EconPapers    
Economics at your fingertips  
 

Complementarities in Automobile Production

Johannes Van Biesebroeck ()

No 12131, NBER Working Papers from National Bureau of Economic Research, Inc

Abstract: The number of different car and light truck models produced in North America has increased enormously over the last decades. The data suggests that producing this increased variety of vehicles is associated with a productivity penalty. We show that manufacturers can adopt complementary activities to reduce this penalty. Flexible technology, defined as the ability to assemble models derived from different %u201Cplatforms%u201D on the same assembly line, and bringing previously outsourced activities in-house are two such activities that we identify. Both are costly themselves, in terms of lower productivity, but they reduce the cost of producing greater variety. The results are robust to controlling for the endogeneity of the adoption decisions using activity-specific instruments, as proposed by Athey and Stern (2003).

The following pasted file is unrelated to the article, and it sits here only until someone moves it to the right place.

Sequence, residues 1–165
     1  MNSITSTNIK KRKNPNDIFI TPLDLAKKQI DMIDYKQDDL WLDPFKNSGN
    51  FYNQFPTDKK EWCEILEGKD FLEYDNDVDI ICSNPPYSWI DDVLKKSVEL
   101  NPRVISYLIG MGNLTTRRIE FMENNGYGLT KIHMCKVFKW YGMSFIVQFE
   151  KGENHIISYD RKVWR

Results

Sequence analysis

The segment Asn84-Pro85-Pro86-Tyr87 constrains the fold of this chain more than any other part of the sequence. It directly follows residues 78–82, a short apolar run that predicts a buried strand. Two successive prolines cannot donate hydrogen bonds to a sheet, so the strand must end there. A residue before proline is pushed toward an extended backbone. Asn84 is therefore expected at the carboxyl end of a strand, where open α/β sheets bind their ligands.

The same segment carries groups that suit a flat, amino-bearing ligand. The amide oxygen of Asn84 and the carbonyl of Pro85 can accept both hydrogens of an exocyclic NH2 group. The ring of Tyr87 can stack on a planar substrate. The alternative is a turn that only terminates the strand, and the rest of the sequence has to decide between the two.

JEL-codes: L23 L11 L62 M11 (search for similar items in EconPapers)
New Economics Papers: this item is included in nep-ino
Date: 2006-04
Note: PR
References: View references in EconPapers View complete reference list from CitEc
Citations: View citations in EconPapers (3) Track citations by RSS feed

Published as Johannes Van Biesebroeck, 2007. "Complementarities in automobile production," Journal of Applied Econometrics, John Wiley & Sons, Ltd., vol. 22(7), pages 1315-1345.

Downloads: (external link)
http://www.nber.org/papers/w12131.pdf (application/pdf)

Related works:
Journal Article: Complementarities in automobile production (2007) Downloads
This item may be available elsewhere in EconPapers: Search for items with the same title.

Export reference: BibTeX RIS (EndNote, ProCite, RefMan) HTML/Text

Persistent link: https://EconPapers.repec.org/RePEc:nbr:nberwo:12131

Ordering information: This working paper can be ordered from
http://www.nber.org/papers/w12131

Access Statistics for this paper

More papers in NBER Working Papers from National Bureau of Economic Research, Inc National Bureau of Economic Research, 1050 Massachusetts Avenue Cambridge, MA 02138, U.S.A.. Contact information at EDIRC.
Bibliographic data for series maintained by ().

 
Page updated 2019-12-10
Handle: RePEc:nbr:nberwo:12131